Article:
CLEVELAND — The long-awaited return of reliever Andrew Miller won’t take place anytime soon.
“For the foreseeable future he’s going to throw some bullpens,” manager Terry Francona said of Miller, who has been sidelined since May 26 with right knee inflammation. “We might even get him on the mound just so we can get some information. That’s probably going to take us up to the All-Star break (July 16-19). Then you’ve got the break. We’ll see.”
Miller threw from the mound for the first time in weeks Friday at Progressive Field. Pitching coach Carl Willis said it went well.
“By Carl’s account, you can really tell the difference, that he’s getting a little more sure of himself,” Francona said. “The good news is that he really is making strides. My goodness, if we can get him back in time to get him on a roll, that’s the biggest goal.”
In other injury news:
- Right fielder Lonnie Chisenhall (left calf strain) will be examined by team doctors Saturday.
“It’s a fairly significant strain, so we know he’s going to miss considerable time,” Francona said of Chisenhall, who already missed nearly two months this season with a right calf strain. “I don’t think we know (how much) yet. Hopefully we’ll have a little more clarification as he sees the proper doctors.”
- Left-hander Tyler Olson (left lat strain) was scheduled to make a rehab appearance for Triple-A Columbus on Friday and is expected to pitch for the Clippers again Saturday.
- Center fielder Bradley Zimmer (right shoulder strain) is rehabbing in Arizona but has yet to begin baseball activities. He injured the shoulder shortly after being sent down to clear a roster spot for Chisenhall.
- Right-hander Nick Goody (right elbow inflammation) has been shut down since May 4.
“He’ll get a medical recheck in two or three days to determine his next step,” Francona said.
- Right-hander Evan Marshall (right elbow inflammation) has begun playing catch. He’s been on the disabled list since June 19
“He felt pretty good, but there’s no timetable or anything, but at least he’s starting to play catch,” Francona said.
The Indians acquired reliever James Hoyt from the Astros in exchange for Class A Lake County pitcher Tommy DeJuneas, assigning the right-hander to Columbus.
Hoyt, 31, has spent the majority of the season at the Triple-A level, posting five saves and a 2.25 ERA over 25 games. He owns a career 4.40 ERA in 66 games for the Astros since 2016.
The Indians activated right-hander Carlos Carrasco from the disabled list to start Friday, designating reliever George Kontos for assignment to clear a roster spot.
Francona said there would be no anxious moments when Carrasco took the mound for the first time since being struck on the right elbow by a line drive June 16.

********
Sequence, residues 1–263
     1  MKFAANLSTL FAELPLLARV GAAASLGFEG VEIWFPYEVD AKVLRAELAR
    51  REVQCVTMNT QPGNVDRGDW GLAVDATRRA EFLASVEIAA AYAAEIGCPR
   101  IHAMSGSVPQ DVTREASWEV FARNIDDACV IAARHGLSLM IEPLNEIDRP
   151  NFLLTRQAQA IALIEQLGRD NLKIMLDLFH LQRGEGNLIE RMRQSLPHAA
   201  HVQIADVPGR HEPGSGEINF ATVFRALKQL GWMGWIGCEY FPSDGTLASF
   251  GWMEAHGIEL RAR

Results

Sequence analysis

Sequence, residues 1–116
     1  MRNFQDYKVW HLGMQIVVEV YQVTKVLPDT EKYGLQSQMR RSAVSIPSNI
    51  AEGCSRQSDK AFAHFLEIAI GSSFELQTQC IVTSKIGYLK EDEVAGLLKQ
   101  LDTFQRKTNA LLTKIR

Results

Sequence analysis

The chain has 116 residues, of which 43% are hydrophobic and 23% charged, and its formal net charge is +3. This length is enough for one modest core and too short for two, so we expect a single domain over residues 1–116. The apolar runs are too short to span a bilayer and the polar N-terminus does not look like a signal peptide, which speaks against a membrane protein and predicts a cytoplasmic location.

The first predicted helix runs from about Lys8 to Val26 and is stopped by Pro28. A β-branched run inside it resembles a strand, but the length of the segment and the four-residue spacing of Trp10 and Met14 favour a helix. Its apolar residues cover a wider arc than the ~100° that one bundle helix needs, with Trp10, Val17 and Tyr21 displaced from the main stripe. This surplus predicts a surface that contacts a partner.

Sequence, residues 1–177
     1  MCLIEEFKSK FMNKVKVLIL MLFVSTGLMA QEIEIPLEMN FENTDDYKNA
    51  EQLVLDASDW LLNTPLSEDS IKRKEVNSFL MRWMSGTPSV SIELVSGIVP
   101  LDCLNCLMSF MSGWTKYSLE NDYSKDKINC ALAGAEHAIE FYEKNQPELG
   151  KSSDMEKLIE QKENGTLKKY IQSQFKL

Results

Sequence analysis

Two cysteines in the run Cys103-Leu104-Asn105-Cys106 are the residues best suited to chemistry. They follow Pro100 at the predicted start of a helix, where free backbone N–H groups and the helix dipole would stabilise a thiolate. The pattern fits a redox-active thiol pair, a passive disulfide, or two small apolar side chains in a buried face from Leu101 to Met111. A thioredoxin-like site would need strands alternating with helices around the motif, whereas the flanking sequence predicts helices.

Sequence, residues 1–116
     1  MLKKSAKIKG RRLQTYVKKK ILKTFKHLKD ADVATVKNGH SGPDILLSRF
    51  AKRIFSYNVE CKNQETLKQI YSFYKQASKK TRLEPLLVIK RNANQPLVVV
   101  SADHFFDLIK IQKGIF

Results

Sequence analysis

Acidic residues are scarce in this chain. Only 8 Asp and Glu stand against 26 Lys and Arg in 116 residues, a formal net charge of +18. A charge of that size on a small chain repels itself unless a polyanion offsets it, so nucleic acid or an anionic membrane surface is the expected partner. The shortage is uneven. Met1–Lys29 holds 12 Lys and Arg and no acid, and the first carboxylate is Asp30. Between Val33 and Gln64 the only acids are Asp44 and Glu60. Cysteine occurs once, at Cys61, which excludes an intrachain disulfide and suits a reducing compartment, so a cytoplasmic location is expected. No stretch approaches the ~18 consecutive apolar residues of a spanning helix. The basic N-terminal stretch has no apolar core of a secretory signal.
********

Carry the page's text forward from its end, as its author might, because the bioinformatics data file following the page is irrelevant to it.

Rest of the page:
“No, I think he’s fine,” Francona said. “He went and did his rehab start (June 30) just to make sure we didn’t have to look for anything. His stuff was electric. The same thing happened when he pulled his hamstring a few years back. He came back and he was like, rejuvenated. So that’s the hope, that he got a little bit of a break and it’ll really help.”
Kontos appeared in six games for Cleveland, allowing two earned runs over 5 1/3 innings.
Outfielder Melky Cabrera re-signed with the Indians on Thursday and had three hits in his first game for Columbus that night.
“The fact that he was able to get three hits in his first game is pretty phenomenal,” Francona said of Cabrera, who hit .207 with 11 RBIs in 17 games during his first stint in Cleveland. “He signed (a minor league contract) knowing that he wouldn’t stay there forever. So at some point we’ll have to make a decision.”
Cabrera, 33, was designated for assignment June 14 when outfielder Brandon Guyer was activated from the injured list.
Michael Brantley’s batting average has not dipped below .300 since April 17. He entered Friday having hit safely in 78.4 percent of the games he played (58 of 74), which accounted for the third-highest percentage among qualified major league hitters.
“As long as he stays healthy, he’ll play every day,” Francona said. “Give him that day off once a month and just wind him up, let him go play. He is really special.”
Take a bow
Cody Allen was honored prior to Friday’s game for becoming the franchise’s all-time saves leader. Allen recorded his 140th save Wednesday in Kansas City.
“When you see guys come from their rookie year or just about their rookie year to all of a sudden he has the Indians’ record. We’ve been in existence a long time,” Francona said of Allen, who was a 23rd-round draft pick in 2011. “It’s hard not to be proud and happy for the guys. We pretty much live with these guys and to see where they were and where they are, it’s pretty cool. And then to look and see how in some ways baseball-wise they’ve changed, but in respect and humility they haven’t changed, and I love that about it.”
Francisco Mejia was among the top minor leaguers selected for the 20th annual Futures Game.
Mejia, a catcher/outfielder from the Dominican Republic, is batting .279 with seven homers and 42 RBIs for Triple-A Columbus. He had a 50-game hitting streak two years ago, the longest since the minors reorganized in 1963.
- Trevor Bauer’s streak of six quality starts with eight or more strikeouts and no home runs allowed is tied with Hideo Nomo, Pedro Martinez, Justin Verlander and R.A. Dickey for the longest such streak since 1920.
- Right-hander Neil Ramirez had not allowed a run in his last 16 appearances through Thursday. It accounted for the second-longest streak in the American League behind New York’s Dellin Betances.
- The Indians entered Friday with a 27-13 record at Progressive Field. Since last year’s All-Star break, Cleveland had gone 55-21, the best home record in baseball over the span.